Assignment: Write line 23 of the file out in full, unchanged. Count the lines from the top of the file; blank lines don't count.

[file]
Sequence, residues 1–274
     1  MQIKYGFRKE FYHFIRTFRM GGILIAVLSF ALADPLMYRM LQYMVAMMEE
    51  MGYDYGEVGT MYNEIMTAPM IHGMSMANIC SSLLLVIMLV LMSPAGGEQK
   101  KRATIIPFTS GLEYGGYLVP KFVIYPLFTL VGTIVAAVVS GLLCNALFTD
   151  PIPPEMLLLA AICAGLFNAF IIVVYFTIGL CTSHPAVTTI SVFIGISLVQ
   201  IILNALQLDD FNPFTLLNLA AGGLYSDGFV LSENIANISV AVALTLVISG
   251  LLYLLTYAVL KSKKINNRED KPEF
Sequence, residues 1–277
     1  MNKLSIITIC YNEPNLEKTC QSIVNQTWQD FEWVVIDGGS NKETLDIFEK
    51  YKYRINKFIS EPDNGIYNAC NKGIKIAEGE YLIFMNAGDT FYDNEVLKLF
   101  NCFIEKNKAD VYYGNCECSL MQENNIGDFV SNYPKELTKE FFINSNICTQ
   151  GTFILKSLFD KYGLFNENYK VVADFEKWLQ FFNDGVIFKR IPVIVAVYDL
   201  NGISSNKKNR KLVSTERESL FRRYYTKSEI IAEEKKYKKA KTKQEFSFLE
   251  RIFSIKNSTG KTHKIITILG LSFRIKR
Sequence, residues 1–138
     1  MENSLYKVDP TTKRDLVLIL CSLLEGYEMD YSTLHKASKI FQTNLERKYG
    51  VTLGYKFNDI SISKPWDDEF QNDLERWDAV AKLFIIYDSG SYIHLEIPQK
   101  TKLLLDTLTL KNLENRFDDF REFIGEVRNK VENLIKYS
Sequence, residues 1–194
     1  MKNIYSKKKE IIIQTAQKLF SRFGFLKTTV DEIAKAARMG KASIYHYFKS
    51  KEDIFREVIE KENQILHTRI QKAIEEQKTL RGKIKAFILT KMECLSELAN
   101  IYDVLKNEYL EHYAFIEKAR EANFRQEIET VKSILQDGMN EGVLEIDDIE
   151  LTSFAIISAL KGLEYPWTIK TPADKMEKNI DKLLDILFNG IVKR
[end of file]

   151  LTSFAIISAL KGLEYPWTIK TPADKMEKNI DKLLDILFNG IVKR